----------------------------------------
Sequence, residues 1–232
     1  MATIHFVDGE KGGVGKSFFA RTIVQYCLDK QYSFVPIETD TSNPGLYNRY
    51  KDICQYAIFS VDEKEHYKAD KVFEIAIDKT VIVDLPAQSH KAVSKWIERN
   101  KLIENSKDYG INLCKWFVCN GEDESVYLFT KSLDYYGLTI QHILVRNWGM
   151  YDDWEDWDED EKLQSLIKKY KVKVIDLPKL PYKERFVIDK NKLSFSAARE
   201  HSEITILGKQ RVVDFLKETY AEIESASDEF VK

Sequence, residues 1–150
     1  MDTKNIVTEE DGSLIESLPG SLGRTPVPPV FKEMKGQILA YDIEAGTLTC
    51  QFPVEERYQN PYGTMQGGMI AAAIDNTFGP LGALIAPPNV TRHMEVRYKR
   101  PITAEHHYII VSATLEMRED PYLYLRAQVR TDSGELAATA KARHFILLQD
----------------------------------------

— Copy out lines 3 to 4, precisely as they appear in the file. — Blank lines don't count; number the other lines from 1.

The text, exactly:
    51  KDICQYAIFS VDEKEHYKAD KVFEIAIDKT VIVDLPAQSH KAVSKWIERN
   101  KLIENSKDYG INLCKWFVCN GEDESVYLFT KSLDYYGLTI QHILVRNWGM